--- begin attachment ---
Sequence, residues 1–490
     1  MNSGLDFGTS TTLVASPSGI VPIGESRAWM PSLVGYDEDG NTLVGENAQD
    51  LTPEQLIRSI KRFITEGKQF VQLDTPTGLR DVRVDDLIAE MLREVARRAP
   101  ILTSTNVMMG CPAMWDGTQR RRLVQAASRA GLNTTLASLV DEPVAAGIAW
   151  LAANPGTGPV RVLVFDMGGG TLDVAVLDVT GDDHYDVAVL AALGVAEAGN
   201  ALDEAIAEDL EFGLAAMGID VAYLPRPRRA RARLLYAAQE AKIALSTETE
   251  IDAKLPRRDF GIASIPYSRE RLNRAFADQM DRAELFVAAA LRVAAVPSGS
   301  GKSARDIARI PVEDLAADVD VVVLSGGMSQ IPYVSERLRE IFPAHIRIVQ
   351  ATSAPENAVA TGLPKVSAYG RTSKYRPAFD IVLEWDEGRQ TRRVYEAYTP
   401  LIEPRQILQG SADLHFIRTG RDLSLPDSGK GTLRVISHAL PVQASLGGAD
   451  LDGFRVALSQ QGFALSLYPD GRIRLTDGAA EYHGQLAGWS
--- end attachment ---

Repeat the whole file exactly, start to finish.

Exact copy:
Sequence, residues 1–490
     1  MNSGLDFGTS TTLVASPSGI VPIGESRAWM PSLVGYDEDG NTLVGENAQD
    51  LTPEQLIRSI KRFITEGKQF VQLDTPTGLR DVRVDDLIAE MLREVARRAP
   101  ILTSTNVMMG CPAMWDGTQR RRLVQAASRA GLNTTLASLV DEPVAAGIAW
   151  LAANPGTGPV RVLVFDMGGG TLDVAVLDVT GDDHYDVAVL AALGVAEAGN
   201  ALDEAIAEDL EFGLAAMGID VAYLPRPRRA RARLLYAAQE AKIALSTETE
   251  IDAKLPRRDF GIASIPYSRE RLNRAFADQM DRAELFVAAA LRVAAVPSGS
   301  GKSARDIARI PVEDLAADVD VVVLSGGMSQ IPYVSERLRE IFPAHIRIVQ
   351  ATSAPENAVA TGLPKVSAYG RTSKYRPAFD IVLEWDEGRQ TRRVYEAYTP
   401  LIEPRQILQG SADLHFIRTG RDLSLPDSGK GTLRVISHAL PVQASLGGAD
   451  LDGFRVALSQ QGFALSLYPD GRIRLTDGAA EYHGQLAGWS